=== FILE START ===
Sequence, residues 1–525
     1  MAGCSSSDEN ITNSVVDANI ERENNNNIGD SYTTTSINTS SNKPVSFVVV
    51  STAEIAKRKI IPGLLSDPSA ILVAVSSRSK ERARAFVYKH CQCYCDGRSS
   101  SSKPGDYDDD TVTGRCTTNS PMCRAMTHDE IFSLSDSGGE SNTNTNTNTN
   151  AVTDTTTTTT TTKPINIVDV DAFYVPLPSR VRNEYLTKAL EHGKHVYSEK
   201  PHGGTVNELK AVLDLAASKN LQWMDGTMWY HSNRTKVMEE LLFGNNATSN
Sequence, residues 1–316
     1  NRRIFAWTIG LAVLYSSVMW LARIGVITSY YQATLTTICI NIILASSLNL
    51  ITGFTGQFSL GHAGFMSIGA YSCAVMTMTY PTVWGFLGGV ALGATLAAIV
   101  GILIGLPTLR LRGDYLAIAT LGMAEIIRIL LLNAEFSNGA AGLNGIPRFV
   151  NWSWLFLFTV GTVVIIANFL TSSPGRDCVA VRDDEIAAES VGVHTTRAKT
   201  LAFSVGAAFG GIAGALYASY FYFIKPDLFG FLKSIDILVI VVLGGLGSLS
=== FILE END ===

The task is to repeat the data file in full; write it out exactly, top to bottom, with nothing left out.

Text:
Sequence, residues 1–525
     1  MAGCSSSDEN ITNSVVDANI ERENNNNIGD SYTTTSINTS SNKPVSFVVV
    51  STAEIAKRKI IPGLLSDPSA ILVAVSSRSK ERARAFVYKH CQCYCDGRSS
   101  SSKPGDYDDD TVTGRCTTNS PMCRAMTHDE IFSLSDSGGE SNTNTNTNTN
   151  AVTDTTTTTT TTKPINIVDV DAFYVPLPSR VRNEYLTKAL EHGKHVYSEK
   201  PHGGTVNELK AVLDLAASKN LQWMDGTMWY HSNRTKVMEE LLFGNNATSN
Sequence, residues 1–316
     1  NRRIFAWTIG LAVLYSSVMW LARIGVITSY YQATLTTICI NIILASSLNL
    51  ITGFTGQFSL GHAGFMSIGA YSCAVMTMTY PTVWGFLGGV ALGATLAAIV
   101  GILIGLPTLR LRGDYLAIAT LGMAEIIRIL LLNAEFSNGA AGLNGIPRFV
   151  NWSWLFLFTV GTVVIIANFL TSSPGRDCVA VRDDEIAAES VGVHTTRAKT
   201  LAFSVGAAFG GIAGALYASY FYFIKPDLFG FLKSIDILVI VVLGGLGSLS